Ludomusicology and the new drastic

van Elferen, Isabella (2014) Ludomusicology and the new drastic. In: Creativity, Circulation and Copyright: Sonic and Visual Media in the Digital Age; 28-29 Mar 2014, Cambridge, U.K.. (Unpublished)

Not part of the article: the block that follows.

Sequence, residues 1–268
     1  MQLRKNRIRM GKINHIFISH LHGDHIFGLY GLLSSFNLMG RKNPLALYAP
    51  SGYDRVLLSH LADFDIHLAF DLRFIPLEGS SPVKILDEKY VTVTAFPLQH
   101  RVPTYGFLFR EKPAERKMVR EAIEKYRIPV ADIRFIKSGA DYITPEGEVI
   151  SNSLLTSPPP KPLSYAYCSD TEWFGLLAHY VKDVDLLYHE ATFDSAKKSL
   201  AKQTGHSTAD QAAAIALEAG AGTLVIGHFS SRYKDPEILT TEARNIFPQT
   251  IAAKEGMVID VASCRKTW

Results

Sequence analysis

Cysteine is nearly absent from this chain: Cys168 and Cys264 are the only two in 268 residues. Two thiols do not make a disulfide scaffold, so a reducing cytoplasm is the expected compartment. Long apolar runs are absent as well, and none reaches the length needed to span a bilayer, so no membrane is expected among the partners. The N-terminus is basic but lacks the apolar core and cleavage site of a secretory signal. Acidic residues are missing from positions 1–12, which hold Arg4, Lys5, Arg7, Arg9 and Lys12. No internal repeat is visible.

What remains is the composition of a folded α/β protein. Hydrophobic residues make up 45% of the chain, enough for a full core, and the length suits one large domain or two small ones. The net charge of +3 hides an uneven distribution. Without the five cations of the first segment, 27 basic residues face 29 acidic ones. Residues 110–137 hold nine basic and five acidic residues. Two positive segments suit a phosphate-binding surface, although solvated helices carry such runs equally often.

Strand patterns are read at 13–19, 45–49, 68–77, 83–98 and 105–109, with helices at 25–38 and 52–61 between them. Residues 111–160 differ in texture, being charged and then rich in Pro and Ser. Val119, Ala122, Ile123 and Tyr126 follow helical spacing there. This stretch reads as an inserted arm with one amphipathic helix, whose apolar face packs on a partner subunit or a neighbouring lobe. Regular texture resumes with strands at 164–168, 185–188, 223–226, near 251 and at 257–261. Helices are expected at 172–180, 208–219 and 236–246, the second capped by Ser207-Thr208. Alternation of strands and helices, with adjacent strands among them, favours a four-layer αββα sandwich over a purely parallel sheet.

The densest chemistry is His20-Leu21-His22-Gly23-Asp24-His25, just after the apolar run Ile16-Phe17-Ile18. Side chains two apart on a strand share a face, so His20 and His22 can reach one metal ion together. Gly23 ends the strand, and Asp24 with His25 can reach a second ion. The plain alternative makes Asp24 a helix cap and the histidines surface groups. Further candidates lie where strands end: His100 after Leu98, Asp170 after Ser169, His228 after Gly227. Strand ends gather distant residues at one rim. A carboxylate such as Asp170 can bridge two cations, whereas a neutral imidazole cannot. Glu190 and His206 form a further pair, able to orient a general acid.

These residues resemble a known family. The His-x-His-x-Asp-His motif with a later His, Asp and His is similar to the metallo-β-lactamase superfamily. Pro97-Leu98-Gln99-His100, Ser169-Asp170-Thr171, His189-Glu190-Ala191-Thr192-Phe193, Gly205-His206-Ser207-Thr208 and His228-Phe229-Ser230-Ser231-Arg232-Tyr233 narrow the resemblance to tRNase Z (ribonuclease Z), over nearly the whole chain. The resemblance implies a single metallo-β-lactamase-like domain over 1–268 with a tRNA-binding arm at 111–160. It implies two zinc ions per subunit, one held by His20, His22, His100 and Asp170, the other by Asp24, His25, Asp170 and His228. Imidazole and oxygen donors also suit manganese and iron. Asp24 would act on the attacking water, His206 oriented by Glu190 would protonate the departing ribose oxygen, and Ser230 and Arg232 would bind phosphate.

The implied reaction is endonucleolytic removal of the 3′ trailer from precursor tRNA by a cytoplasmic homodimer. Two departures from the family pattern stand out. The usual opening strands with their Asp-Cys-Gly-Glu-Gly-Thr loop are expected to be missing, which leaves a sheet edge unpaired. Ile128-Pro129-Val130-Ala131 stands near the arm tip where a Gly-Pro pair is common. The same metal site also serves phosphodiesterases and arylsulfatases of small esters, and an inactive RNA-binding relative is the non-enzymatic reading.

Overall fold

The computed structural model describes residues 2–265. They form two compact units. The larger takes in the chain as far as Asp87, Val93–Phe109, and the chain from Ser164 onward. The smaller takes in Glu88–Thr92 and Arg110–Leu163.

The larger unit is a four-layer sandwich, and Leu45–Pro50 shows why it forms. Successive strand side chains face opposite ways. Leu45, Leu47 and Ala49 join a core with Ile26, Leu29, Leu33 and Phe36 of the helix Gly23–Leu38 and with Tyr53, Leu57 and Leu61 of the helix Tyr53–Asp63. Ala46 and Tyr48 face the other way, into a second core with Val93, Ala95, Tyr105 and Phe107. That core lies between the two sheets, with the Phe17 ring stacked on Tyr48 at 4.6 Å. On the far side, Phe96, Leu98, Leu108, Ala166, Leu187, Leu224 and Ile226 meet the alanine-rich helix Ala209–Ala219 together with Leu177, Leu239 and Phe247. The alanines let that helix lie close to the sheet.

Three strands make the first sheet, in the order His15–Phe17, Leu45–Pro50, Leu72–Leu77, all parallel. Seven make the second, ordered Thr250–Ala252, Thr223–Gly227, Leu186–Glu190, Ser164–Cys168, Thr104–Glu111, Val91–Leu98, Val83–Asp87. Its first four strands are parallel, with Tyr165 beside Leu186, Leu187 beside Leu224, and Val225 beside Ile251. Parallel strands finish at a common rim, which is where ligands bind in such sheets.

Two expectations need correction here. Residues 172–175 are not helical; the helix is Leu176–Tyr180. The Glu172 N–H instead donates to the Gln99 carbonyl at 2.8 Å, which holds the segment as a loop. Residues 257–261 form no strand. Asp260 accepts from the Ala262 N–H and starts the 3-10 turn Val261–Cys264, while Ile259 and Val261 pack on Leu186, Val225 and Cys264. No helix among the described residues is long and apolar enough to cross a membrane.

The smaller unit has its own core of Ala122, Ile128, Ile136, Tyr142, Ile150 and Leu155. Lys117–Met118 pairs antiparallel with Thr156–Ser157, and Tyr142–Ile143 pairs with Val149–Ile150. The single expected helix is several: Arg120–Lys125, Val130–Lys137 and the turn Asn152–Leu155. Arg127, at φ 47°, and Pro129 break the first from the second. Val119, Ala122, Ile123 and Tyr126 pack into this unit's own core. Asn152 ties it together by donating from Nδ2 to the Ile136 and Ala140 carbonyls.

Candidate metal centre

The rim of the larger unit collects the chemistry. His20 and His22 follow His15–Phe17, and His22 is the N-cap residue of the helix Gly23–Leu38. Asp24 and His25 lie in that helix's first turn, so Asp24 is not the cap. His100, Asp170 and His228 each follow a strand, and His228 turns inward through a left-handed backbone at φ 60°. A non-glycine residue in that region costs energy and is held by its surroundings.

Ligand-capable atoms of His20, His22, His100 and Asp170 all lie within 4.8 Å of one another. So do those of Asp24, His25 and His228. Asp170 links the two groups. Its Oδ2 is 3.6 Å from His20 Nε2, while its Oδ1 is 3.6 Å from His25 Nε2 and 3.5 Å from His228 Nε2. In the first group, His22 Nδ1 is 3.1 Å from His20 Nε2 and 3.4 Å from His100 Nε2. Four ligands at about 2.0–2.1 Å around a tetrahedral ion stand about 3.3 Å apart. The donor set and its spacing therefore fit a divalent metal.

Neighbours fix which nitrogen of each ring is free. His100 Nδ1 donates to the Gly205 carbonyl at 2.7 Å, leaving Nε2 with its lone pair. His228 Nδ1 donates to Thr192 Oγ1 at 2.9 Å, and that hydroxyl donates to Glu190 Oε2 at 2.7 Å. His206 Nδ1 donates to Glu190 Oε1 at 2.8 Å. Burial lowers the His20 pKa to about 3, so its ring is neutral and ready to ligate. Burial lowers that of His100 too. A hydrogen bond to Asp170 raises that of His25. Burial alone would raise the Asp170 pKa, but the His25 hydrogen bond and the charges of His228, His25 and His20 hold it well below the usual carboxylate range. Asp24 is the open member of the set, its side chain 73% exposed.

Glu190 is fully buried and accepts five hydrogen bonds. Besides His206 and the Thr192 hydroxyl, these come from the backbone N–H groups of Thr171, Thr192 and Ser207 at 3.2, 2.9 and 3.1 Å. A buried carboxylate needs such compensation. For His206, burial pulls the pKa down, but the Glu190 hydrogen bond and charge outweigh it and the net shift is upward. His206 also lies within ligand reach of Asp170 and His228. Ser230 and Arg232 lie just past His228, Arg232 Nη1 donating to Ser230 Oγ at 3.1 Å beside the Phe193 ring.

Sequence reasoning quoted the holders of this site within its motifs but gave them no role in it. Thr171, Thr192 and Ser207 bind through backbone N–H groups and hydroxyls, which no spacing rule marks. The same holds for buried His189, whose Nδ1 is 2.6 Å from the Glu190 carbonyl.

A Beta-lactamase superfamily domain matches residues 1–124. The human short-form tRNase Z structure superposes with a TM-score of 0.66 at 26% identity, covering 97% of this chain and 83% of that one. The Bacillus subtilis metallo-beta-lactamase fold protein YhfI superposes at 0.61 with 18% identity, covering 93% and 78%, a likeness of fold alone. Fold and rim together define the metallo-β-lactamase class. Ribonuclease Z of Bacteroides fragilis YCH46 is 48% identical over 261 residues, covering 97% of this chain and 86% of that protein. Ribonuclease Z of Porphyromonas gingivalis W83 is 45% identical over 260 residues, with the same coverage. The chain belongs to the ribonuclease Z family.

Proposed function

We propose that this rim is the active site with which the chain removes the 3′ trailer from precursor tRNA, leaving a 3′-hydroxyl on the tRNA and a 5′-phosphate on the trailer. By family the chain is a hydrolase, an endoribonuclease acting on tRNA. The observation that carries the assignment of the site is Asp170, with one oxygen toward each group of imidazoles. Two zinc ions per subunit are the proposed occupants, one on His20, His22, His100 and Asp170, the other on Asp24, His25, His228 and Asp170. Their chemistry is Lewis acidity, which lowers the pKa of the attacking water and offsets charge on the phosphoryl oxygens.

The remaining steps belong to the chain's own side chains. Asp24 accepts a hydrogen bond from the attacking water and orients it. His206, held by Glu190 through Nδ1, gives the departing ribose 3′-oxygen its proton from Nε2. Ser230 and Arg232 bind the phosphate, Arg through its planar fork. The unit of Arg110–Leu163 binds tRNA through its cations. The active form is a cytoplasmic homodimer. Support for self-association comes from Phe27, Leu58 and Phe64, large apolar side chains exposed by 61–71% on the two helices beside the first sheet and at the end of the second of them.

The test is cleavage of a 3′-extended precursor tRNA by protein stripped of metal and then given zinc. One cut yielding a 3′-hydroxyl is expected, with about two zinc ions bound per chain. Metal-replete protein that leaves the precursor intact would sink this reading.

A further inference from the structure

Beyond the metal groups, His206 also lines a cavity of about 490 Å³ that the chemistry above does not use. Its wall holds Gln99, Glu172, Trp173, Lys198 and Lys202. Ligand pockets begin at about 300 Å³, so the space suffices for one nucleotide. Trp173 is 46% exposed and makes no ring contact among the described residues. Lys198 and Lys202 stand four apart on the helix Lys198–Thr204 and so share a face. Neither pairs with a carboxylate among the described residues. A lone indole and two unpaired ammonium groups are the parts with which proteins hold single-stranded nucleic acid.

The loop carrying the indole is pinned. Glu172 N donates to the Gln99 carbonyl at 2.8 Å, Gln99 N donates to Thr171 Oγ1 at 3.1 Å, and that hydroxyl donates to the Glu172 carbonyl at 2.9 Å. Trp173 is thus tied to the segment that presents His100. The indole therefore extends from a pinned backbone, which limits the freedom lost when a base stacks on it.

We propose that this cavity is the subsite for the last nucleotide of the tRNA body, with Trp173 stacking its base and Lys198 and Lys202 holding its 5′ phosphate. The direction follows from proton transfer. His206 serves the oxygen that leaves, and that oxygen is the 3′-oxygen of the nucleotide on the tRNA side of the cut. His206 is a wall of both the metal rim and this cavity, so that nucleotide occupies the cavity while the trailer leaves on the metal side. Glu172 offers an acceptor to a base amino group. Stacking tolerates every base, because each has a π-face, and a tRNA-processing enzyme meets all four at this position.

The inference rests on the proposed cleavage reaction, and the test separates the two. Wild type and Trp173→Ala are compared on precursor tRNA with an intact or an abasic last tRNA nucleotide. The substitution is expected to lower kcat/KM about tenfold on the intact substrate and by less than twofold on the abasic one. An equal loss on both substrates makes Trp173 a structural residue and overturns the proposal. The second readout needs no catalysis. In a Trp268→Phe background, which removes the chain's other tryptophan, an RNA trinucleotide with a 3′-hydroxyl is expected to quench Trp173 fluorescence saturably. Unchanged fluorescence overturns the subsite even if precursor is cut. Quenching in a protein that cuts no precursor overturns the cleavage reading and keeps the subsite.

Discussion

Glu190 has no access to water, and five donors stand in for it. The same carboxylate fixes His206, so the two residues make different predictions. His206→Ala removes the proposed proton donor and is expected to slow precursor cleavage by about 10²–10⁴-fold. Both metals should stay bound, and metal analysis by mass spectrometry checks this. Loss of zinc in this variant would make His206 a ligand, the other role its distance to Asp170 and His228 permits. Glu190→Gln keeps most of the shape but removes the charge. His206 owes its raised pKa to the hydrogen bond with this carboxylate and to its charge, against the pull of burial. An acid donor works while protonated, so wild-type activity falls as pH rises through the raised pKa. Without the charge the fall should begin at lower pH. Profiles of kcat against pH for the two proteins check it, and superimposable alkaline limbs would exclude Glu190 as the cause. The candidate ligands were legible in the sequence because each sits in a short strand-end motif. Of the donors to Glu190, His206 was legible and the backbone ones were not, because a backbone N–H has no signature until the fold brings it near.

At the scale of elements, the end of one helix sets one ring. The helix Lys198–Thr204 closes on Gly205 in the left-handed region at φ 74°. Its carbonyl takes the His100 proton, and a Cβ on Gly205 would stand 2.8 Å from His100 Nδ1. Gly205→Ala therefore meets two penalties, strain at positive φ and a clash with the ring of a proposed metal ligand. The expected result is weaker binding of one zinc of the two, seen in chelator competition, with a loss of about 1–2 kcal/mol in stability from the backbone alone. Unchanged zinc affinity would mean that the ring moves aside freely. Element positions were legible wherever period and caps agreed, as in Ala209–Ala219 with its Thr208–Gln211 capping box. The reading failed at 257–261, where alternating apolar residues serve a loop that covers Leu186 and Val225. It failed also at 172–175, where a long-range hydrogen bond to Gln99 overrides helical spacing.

This paper proposes a New Drastic Musicology based on the ludomusical premises of play, multimediality, and interactivity. Ludomusicology offers the exciting perspective of going beyond even the pioneering historical and technological overviews, case studies, and explorations of genre conventions that the study of game music has produced over the last decade. It necessitates innovations in three levels: (1) musical analysis, (2) musicological research themes and (3) musicological critical theory. Ludomusicology revolutionises the score analysis that musicologists have employed since the late nineteenth century. Since the concept of a score is obsolete in game music, ludomusicology must, rather, analyse the factors cooperating in the musical underlining of game plot and gameplay. I identify these as musical affect (connotation and identification), musical literacy (habituated signification), and musical interaction (play). The integration of these three factors into musical analysis leads to the genesis of entirely new musicological research fields. How does musical literacy in games relate to that in other multimedial genres? How does musical play in games relate to music-historical notions of play and performance? These new research questions, finally, evoke meta-critical reflections. Ludomusicology, with its pervasive attention to multimedial and interactive performativity, necessitates a rethinking of Abbate’s notion of “drastic” musicology. Ludomusicology can alter an entire discipline. Innovating the discipline on the levels of object analysis, research themes as well as critical reflection, ludomusicology can engender “The New Drastic”.

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